How long do you have to file your civil lawsuit before it’s permanently barred?
The statute of limitations refers to the law that sets forth the amount of time a plaintiff has to file a particular lawsuit in South Carolina.
It’s incredibly important that you know the amount of time you have to file your lawsuit because once the time runs out you are permanently barred from filing your lawsuit.
Keeping in mind the harsh consequences of ignoring the statute of limitations, let’s take a close look at the statute of limitations in the Palmetto State.
What purpose does the statute of limitations serve?
Limiting the amount of time a plaintiff has to file a lawsuit serves 3 important purposes:
- Peace of mind. The statute of limitations prevents plaintiffs from subjecting individuals (who may have done nothing wrong) to threats of being sued indefinitely.
- Minimize the deterioration of evidence. The statute of limitations prevents claims from being filed when evidence is no longer fresh and witnesses are no longer available. This is important because the deterioration or loss of evidence makes an accurate or just outcome less likely.
- Reduce the cost of litigation. The cost of litigating a claim increases with the passage of time because it’s costly to track down disbursed witnesses, search for and retrieve old evidence, and revive faded memories. The statute of limitations helps make litigation less expensive for everyone.
What’s the limitation period for South Carolina personal injury lawsuits?
Each type of case has its own limitation period. Here’s an overview of the limitation periods for common civil cases in South Carolina:
|South Carolina civil statute of limitations
|Type of case
|Statute of limitations
|South Carolina statute
|S.C. Code § 15-3-530(4)
|S.C. Code § 15-3-530
|S.C. Code § 15-3-550
|S.C. Code § 15-3-530(7)
|Written or oral contracts
|S.C. Code § 15-3-530(1)
|6 years after the person turns 21 years of age, or within 3 years of the discovery of the injury (whichever occurs later)
|S.C. Code § 15-3-555
|S.C. Code § 42-15-40
|S.C. Code § 15-3-530(5)
What about cases against the government?
If you sue the government (perhaps you were injured by a dangerous condition in a town swimming pool), you must do so under the South Carolina Tort Claims Act.
Section 15 -78-10 of the South Carolina Tort Claims Act gives plaintiffs 2 years to file a lawsuit (although it can be extended to 3 years if the plaintiff files a verified petition within 1 year).
In general, suing the government requires you to take certain steps that you wouldn’t have to if you were suing a private individual or business. If you think you may have a legitimate claim against the government, it’s a good idea to meet with a licensed attorney as soon as possible to ensure that your rights are preserved.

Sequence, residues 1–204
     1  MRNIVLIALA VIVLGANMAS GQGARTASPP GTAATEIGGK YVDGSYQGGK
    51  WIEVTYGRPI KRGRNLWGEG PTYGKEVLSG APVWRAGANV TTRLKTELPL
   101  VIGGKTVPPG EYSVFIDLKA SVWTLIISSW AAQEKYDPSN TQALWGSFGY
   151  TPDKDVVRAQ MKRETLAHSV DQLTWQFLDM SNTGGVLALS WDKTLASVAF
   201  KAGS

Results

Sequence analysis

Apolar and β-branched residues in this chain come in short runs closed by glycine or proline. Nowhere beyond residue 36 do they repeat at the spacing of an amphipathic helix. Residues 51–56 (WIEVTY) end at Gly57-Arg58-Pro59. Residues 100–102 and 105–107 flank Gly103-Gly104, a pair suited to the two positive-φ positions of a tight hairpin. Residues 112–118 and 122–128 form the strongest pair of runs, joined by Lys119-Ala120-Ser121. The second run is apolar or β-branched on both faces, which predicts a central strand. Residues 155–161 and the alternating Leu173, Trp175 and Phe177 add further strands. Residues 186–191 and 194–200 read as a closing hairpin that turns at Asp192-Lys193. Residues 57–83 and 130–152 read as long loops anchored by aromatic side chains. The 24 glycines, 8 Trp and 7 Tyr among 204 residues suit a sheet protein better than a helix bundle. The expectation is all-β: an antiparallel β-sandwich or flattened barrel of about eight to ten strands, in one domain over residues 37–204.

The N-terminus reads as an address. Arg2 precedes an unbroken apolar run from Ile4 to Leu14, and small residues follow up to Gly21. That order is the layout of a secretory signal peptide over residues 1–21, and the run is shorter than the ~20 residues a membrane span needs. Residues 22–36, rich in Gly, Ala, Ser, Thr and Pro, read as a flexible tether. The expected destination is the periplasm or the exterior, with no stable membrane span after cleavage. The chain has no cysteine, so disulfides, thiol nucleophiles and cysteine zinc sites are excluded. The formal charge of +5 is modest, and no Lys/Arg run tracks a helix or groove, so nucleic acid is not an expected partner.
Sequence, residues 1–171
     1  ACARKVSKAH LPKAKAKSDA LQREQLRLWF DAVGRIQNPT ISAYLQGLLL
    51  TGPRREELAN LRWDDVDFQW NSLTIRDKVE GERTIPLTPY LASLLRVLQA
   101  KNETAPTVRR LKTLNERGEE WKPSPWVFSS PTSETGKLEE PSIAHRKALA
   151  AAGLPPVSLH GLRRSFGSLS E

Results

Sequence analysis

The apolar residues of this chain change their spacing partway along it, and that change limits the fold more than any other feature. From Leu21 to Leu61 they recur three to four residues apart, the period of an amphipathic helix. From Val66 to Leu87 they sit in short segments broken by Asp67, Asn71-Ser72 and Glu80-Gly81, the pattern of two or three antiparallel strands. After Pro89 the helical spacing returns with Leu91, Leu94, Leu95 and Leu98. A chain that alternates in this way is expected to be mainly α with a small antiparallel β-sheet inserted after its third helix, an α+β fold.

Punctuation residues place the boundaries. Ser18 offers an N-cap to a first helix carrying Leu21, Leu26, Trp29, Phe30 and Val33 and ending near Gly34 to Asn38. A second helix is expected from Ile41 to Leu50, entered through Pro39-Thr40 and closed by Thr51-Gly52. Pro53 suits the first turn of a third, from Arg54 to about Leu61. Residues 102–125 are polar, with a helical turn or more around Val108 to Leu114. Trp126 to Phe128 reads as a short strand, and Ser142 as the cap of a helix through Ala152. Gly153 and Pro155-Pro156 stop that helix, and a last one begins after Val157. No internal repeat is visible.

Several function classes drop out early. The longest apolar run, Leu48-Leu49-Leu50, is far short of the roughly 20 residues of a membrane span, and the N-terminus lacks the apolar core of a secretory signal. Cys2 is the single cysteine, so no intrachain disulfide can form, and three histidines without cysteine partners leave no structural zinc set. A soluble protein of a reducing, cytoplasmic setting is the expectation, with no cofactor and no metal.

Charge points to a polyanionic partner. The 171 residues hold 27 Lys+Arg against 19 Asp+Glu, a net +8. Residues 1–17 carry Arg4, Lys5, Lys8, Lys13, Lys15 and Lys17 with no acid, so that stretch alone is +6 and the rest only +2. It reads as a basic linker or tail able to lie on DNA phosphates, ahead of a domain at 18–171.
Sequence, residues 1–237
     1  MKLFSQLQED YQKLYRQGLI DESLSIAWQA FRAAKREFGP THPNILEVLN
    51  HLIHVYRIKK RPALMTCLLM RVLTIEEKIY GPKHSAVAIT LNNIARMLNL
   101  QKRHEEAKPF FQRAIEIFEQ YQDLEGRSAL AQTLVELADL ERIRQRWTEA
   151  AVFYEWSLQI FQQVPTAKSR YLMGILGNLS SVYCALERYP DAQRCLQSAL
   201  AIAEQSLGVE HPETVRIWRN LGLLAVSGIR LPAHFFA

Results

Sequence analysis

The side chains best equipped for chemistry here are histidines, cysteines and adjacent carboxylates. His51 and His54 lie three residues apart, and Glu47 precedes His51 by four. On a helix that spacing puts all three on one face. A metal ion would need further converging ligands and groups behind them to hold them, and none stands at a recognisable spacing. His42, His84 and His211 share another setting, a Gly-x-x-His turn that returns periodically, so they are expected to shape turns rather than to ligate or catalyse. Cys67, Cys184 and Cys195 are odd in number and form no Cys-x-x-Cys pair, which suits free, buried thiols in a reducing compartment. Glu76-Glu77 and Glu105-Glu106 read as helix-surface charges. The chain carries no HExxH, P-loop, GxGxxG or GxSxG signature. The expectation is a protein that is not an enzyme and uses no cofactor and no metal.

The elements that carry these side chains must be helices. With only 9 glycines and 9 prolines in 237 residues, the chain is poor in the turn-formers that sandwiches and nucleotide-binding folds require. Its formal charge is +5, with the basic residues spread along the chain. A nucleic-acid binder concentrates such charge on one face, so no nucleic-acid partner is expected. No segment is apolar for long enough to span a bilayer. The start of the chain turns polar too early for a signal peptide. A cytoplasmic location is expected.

When does the clock start to run?
Once you’ve determined how long you have to file your lawsuit, you need to figure out when the clock started to run.
The limitations period generally begins to run on the date you discover or should have discovered your injury (this is called the “discovery rule”). In most cases, this date is the same date as your accident, but not always.
Consider the following example:
The following week, on October 25, 2020, Samantha woke up in the morning with intense neck pain. Samantha, who does not like hospitals, procrastinated for another 2 weeks, at which point the pain finally became so bad that she went to see her doctor. On November 7, 2020, Samantha’s doctor diagnosed her with whiplash caused by her car accident.
When is the last day Samantha can file her personal injury lawsuit?
- October 17, 2023
- October 25, 2023
- November 7, 2023
The answer is October 25, 2023. Samantha’s 3-year clock started running on October 25, 2020, the date she should have known she was injured (and therefore had a legitimate claim) even though she didn’t find out for certain until November 7, 2020.
Are there any exceptions to the statute of limitations in South Carolina?
There are 3 primary circumstances where the statute of limitations clock may be delayed or paused. In legal terms, this is referred to as “tolling.”
- Claims involving children under the age of 18 or individuals with a mental disability. If the injured person is a minor, the limitations period will be extended until 1 year after they turn 18. A similar law applies to individuals who are declared “insane.” For these individuals, the limitations period is extended until 1 year after they are no longer considered “insane.”
- When a person leaves the state. If the person responsible for the victim’s injuries leaves the state of South Carolina before the lawsuit can be filed, the period of nonresidence won’t usually be counted as part of the statute of limitations.
- When a person takes steps to conceal themselves. If the person responsible for the victim’s injuries takes steps to conceal their liability from the plaintiff, the clock generally won’t start running until the period of concealment ends.